Former state Rep. Luis Arroyo should spend more than four years in prison for bribing a state lawmaker to support a bill legalizing sweepstakes gambling machines, federal prosecutors urged a judge late Friday.
Arroyo pleaded guilty to one charge of wire fraud before U.S. District Judge Steven C. Seeger in November, and is scheduled to be sentenced Feb. 18. Arroyo has acknowledged that he offered a member of the Illinois Senate monthly payments of $2,500 to support a bill supported by a sweepstakes firm that hired Arroyo as a lobbyist.
Arroyo’s conduct was a “blatant cash grab,” Assistant U.S. Attorney James Durkin told Seeger, asking that Arroyo spend between 46 to 57 months behind bars.
“He used the power and influence of his office to advance his own interests through bribery,” Durkin wrote. “His crime wasn’t a momentary lapse in judgement. It was a well-developed scheme that continued for nearly a full year. And worse, by the time he took part in this scheme, he was a longtime public official entering his seventh term as an Illinois State Representative. He knew better and he knew that his job was to pursue the interests of his constituents and the people of Illinois. Instead, he sacrificed those interests to pursue his own financial benefit.”
Arroyo’s attorneys asked Seeger to sentence the former elected official to probation, telling the judge sending Arroyo to jail would do no more to stop political corruption than attempting to drain “Lake Michigan with a spoon.”
Durkin urged the judge to reject that argument in total.
“That is a depressingly cynical perspective from a man who just a few years ago was a senior member of the Illinois House of Representatives,” Durkin wrote, also dismissing assertions from Arroyo’s attorneys that his conduct amounted to nothing more than a “brief dalliance with corruption.”
Arroyo, 67, of Chicago, was first indicted on one charge of bribery in October 2019, and resigned from the Illinois House one month later.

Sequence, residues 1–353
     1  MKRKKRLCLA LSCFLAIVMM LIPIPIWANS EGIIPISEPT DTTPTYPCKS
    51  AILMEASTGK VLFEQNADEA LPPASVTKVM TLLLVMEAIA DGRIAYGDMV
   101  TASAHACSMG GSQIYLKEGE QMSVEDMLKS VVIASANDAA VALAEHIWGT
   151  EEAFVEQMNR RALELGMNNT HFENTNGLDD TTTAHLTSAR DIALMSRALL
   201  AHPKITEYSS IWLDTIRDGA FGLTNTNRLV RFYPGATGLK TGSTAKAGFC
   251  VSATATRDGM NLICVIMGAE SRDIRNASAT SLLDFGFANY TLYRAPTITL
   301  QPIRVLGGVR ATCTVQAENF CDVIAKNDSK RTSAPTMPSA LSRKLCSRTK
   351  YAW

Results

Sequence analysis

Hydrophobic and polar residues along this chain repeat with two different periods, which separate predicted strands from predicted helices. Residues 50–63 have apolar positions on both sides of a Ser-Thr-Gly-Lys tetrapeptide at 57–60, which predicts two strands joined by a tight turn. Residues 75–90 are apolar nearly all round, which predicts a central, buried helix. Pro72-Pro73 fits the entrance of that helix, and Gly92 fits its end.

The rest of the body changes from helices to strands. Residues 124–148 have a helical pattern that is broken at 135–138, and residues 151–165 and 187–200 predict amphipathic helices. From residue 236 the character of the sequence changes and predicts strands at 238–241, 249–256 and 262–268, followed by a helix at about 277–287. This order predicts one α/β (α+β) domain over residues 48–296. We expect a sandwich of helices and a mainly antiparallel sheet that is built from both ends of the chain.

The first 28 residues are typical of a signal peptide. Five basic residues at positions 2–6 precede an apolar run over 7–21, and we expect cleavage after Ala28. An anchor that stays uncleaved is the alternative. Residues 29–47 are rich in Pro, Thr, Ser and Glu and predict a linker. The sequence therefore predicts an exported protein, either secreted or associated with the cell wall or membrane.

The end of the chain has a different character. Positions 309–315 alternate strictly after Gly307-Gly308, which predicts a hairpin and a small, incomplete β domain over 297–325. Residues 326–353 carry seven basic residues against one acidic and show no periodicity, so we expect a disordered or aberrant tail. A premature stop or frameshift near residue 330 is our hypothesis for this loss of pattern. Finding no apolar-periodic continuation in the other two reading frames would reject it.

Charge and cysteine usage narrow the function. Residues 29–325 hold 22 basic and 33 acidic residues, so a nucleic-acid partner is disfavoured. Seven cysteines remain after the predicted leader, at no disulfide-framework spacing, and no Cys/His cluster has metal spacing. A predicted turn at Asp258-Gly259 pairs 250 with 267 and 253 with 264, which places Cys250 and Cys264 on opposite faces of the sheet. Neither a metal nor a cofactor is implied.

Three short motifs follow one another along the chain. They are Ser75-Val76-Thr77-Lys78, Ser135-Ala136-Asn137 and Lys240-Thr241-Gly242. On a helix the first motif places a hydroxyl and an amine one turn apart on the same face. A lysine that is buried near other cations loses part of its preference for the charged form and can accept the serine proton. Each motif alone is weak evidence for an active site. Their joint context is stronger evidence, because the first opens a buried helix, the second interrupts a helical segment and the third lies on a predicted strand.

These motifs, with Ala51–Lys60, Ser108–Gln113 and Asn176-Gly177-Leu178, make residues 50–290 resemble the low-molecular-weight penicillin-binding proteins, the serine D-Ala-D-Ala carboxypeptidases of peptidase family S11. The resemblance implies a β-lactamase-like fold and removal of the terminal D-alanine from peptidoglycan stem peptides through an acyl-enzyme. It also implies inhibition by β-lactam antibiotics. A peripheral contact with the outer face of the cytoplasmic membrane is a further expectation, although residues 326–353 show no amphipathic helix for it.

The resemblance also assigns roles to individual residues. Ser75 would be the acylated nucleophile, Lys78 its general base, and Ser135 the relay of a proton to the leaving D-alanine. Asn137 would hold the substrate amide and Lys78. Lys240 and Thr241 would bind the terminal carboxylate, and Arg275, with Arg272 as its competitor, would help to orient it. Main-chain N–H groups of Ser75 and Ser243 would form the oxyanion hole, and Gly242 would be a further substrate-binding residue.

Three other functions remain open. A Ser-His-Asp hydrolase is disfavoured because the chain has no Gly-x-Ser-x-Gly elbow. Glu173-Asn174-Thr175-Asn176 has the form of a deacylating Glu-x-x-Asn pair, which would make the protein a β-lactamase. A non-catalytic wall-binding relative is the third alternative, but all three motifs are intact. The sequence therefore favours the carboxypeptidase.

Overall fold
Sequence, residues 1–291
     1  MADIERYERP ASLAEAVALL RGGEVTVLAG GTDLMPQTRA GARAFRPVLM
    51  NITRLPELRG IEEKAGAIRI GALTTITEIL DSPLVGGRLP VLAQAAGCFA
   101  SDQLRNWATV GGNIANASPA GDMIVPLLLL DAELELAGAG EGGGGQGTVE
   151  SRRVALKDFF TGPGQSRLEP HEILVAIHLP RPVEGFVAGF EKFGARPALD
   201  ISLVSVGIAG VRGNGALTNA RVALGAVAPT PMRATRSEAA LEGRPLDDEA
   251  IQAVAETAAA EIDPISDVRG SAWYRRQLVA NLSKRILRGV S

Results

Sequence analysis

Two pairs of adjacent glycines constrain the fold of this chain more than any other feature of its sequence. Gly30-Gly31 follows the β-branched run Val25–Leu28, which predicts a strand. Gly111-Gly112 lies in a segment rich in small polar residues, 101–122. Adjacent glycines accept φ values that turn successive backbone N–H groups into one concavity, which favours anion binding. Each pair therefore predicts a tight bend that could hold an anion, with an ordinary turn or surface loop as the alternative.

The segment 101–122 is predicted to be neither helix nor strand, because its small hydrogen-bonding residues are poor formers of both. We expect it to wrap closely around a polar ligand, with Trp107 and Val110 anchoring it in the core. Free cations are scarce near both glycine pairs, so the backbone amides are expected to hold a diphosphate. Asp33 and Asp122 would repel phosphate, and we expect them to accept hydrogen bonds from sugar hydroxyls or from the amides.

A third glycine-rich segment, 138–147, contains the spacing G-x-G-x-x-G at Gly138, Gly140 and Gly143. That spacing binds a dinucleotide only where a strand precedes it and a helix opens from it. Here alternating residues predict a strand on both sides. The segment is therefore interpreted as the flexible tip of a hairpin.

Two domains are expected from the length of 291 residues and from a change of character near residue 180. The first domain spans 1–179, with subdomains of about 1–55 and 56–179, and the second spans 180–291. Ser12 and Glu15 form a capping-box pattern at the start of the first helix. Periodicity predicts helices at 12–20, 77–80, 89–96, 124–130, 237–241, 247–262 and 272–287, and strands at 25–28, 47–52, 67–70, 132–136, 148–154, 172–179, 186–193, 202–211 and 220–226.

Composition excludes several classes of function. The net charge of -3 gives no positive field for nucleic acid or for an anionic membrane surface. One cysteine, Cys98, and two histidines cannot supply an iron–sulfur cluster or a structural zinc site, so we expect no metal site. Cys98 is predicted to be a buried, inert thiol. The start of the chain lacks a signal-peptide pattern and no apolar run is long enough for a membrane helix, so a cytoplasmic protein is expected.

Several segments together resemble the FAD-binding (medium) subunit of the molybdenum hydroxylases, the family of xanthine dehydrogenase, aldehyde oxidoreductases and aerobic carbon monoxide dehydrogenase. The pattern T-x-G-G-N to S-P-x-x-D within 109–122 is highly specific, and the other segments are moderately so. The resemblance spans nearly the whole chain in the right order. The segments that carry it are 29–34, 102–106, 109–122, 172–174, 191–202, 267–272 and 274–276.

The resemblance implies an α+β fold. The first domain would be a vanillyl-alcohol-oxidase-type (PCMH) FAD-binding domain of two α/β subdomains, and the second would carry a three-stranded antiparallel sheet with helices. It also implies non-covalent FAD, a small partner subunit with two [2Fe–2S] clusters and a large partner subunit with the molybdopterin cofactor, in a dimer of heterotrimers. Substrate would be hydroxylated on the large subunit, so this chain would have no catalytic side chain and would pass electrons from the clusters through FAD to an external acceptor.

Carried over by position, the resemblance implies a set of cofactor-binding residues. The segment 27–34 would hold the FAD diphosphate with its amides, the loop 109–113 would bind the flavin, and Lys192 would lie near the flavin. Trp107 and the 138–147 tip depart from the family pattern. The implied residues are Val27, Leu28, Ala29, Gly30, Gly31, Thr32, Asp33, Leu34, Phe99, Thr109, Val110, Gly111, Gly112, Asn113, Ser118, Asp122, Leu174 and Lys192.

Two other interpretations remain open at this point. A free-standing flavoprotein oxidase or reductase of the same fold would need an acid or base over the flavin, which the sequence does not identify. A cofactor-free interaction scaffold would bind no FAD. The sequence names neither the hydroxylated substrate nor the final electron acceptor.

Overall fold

Arroyo was charged as part of an indictment that named James Weiss, the owner of sweepstakes firm Collage LLC. Weiss wanted state lawmakers to legalize sweepstakes machines, which are similar to video poker machines.
Prosecutors allege Arroyo was paid $32,500 by Weiss to push legislation that would have legalized gambling machines. Arroyo and Weiss were charged with conspiring to bribe a member of the Illinois Senate identified as “State Senator A.”
Although that senator has long been identified as former state Sen. Terry Link, D-Vernon Hills, Arroyo’s plea for leniency is the first official document to identify Link as the senator who took the bribes. Link resigned from the Illinois Senate in September 2020. Link pleaded guilty to filing a false tax return.
“If defendant’s scheme had been successful, he would have changed Illinois law regarding the gaming industry, a heavily regulated industry, for his personal financial benefit and the benefit his co-defendant Weiss,” Durkin told the judge. “His is a serious crime that warrants a serious sentence.”
A significant prison sentence will have a deterrent effect on other politicians contemplating committing a corrupt act, Durkin wrote. Another set of federal prosecutors made the same argument in the case facing former Ald. Ricardo Muñoz (22nd Ward), who also asked a judge not to send him to prison.
“There is a strong need for a significant sentence that will assure the public that corruption from their elected officials is not tolerated and that will serve as a warning to other officials,” Durkin wrote.